TETFund seeks more investment in basic schools to enhance learning
Executive Secretary of Tertiary Education Trust Fund (TETFund), Sonny Echono, has called for more investment in primary and secondary schools to enhance the pursuit of purposive tertiary education, which is tailored towards meeting society’s needs.
Echono, who spoke, while receiving education correspondents on a visit to his office, noted that if Nigeria could address its educational problems, it would ultimately address the problem of unemployment, criminalities, hopelessness, social vices and others.
The TETFund boss also decried the failure of some politicians to prioritise education at the national level as they do at private level, where they send their children abroad for schooling at a very high cost.
According to him, politicians prefer to invest on road, market and other infrastructures that they can use to bolster their campaigns at the next election, adding that a good governor who invests in education, understands that the fruits of those seeds he is planting may come forward between 12 and 16 years when his two terms would have expired.
“Tertiary, despite being my primary responsibility, I would tell you, is even the secondary priority to basic. We must invest so that every child in this country has at least an opportunity to learn how to read and write.
“Once you have that solid foundation, you can begin to build on it, and tertiary education is at the apex of that building. At that point now, you are investing; you are deciding to develop human capital in view to meeting a need within the society, and that need can be met profitably. So, you begin to reap the reward of your education after tertiary education,” he said.
While stating that the best investment anyone can leave for his children is education, he said many politicians are not interested in education because there are no tangible results to see from their investments during their time in office.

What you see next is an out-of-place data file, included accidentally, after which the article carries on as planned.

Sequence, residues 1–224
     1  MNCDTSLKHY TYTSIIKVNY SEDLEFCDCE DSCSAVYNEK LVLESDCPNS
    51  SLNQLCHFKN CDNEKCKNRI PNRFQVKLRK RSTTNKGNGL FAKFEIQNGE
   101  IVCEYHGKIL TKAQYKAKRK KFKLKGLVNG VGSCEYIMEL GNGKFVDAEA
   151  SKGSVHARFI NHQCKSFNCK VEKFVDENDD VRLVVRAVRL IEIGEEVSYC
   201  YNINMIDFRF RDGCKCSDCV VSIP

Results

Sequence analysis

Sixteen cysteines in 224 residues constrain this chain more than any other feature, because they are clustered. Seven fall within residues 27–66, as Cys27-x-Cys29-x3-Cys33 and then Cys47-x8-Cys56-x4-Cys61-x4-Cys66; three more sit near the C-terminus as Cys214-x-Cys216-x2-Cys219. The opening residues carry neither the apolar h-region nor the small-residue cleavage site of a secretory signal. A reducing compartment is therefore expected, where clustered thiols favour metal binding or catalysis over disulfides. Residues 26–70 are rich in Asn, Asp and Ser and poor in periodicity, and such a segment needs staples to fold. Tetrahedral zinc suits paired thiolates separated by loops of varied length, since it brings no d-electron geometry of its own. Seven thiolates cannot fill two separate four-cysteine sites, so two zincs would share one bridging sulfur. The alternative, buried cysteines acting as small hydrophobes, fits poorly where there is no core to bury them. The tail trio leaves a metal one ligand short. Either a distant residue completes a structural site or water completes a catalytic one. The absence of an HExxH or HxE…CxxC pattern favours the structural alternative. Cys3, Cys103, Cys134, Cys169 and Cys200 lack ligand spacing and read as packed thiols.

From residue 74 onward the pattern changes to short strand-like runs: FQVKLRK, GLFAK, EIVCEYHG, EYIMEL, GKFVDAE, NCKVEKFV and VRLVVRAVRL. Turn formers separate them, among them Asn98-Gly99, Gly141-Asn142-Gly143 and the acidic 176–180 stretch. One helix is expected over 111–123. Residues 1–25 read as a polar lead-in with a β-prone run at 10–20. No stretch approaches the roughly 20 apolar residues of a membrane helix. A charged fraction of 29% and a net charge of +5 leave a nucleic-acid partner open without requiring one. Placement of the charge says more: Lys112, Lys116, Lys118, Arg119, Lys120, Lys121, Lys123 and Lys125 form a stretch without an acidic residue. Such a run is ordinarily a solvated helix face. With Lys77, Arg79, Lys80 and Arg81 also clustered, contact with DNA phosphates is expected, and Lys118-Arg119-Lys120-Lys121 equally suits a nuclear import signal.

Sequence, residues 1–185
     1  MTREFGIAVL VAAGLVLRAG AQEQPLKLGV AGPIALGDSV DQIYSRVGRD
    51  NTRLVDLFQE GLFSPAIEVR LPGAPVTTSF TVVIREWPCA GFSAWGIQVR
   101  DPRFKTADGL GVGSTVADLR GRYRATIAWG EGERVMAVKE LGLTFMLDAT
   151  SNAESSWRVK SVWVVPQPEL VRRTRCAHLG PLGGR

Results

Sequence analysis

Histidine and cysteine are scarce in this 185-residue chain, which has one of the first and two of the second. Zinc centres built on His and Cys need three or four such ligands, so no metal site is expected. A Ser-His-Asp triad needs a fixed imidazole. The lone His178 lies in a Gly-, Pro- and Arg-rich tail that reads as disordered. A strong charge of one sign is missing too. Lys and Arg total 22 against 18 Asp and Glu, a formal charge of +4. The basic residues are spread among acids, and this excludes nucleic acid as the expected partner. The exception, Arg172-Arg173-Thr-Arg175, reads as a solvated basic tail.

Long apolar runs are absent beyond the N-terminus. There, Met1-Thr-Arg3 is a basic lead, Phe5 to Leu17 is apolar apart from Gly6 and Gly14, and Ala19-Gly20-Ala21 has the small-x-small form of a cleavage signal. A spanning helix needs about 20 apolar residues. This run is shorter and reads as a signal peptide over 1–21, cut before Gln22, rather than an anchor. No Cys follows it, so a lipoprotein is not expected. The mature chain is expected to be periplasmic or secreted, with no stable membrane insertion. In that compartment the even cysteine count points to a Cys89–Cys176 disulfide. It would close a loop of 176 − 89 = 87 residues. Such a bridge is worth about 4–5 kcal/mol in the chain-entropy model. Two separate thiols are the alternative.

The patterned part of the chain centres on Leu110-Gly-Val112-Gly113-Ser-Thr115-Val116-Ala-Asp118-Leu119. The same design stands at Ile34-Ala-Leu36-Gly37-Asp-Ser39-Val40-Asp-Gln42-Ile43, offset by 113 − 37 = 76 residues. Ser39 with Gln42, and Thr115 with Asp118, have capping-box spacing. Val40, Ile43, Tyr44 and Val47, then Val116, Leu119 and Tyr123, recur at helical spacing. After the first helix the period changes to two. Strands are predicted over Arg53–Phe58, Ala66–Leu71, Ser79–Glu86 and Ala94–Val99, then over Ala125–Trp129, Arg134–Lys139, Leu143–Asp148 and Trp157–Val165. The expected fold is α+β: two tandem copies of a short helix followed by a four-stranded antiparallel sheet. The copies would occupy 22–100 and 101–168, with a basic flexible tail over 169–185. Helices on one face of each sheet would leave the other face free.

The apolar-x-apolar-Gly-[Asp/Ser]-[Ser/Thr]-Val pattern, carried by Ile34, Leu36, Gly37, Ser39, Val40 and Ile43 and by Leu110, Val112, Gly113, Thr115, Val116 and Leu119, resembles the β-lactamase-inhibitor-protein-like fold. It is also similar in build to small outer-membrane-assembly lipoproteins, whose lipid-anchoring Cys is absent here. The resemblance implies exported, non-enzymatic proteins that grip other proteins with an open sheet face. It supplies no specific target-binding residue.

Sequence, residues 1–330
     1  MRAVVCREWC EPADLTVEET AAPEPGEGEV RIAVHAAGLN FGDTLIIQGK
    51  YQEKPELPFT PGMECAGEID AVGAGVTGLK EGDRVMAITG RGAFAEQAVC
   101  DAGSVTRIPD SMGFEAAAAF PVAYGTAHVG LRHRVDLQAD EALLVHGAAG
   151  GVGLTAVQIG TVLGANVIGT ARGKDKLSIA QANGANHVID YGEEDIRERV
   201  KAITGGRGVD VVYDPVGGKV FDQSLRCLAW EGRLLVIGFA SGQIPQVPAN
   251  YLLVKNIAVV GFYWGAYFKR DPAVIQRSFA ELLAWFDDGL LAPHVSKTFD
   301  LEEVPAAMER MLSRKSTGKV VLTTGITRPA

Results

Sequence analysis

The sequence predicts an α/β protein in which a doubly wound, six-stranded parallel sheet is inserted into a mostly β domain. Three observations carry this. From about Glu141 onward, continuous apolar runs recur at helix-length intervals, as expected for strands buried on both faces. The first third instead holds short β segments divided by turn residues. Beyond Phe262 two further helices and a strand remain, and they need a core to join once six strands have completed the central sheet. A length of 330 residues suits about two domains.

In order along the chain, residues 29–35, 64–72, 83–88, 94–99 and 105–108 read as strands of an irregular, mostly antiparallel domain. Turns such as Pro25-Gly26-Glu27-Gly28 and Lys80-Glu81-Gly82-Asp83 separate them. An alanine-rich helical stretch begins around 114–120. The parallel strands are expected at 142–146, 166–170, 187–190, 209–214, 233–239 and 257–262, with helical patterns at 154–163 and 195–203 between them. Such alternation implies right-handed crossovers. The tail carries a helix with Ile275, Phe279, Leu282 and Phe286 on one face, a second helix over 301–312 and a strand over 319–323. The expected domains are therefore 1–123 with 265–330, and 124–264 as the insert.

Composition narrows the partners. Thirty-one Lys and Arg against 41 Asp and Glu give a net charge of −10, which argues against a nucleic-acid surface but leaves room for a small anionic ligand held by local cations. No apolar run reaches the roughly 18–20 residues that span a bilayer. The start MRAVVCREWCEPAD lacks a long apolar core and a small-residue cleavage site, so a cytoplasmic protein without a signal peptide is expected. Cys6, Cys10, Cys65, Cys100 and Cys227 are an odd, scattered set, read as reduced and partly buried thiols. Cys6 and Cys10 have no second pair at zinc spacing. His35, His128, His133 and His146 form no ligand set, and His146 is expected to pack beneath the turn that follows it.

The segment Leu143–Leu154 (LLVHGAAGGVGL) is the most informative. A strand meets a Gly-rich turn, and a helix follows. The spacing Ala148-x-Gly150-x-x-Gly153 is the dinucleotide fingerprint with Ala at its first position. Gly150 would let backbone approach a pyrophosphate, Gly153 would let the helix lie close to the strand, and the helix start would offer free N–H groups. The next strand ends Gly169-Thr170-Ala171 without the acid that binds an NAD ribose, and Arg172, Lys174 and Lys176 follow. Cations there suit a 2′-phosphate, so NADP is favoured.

“A lot of parents make a lot of sacrifice trying to train their children. Some even labour to train them abroad. But when it comes to the national stage, our tendency is not to prioritise education as we would have done at the private personal level,” he said.
Speaking on the benefits of education, he said: “We all must accept that reality that if we address this education we are talking about, you would address ultimately; make education effective; teach them skills, make them understand entrepreneurship, you would address unemployment in that process. An educated man would find something to do. You would address hopelessness, which is the source of all sorts of deviant behaviour.
“When people begin to take drugs, commit suicide, carry out all sorts of violent crimes, they are people who do not have any sense, they are not holding unto anything. There is no value for them. There is no civilisation for them to protect because they don’t feel part of them system.
“An educated person is less likely to be brainwashed into things like insurgency, recruited to commit crime; kidnapping, banditry. And when you are educated you also have something to do, you have skills to be able to do something. It’s an alternative to people who are hopeless and don’t have anything to do. And then you see, their idle minds are the devil’s workshop.
“So, if they don’t have an option, they would go into crime, vices, prostitution for ladies, cult and all other things that boys do these days, ritual killings and so on.
“It’s something that we rely a lot on in the media to continue to sensitise Nigerians on the importance of education to the child in the society. Look at the girl-child education; for example, when you train that girl-child, she becomes a mother. From the very beginning, she understands personal hygiene; she understands the meaning of vaccination of children against polio, communicable diseases and others.
“Their children tend to survive better than illiterate mothers. Issues of personal hygiene, water, cleaning and all of that, they are aware of it and this translates directly. They are also more likely to send their own children to school because they now appreciate the value of education. So, you have a multiplier effect. They build on that. They also have the capacity to contribute to the family income.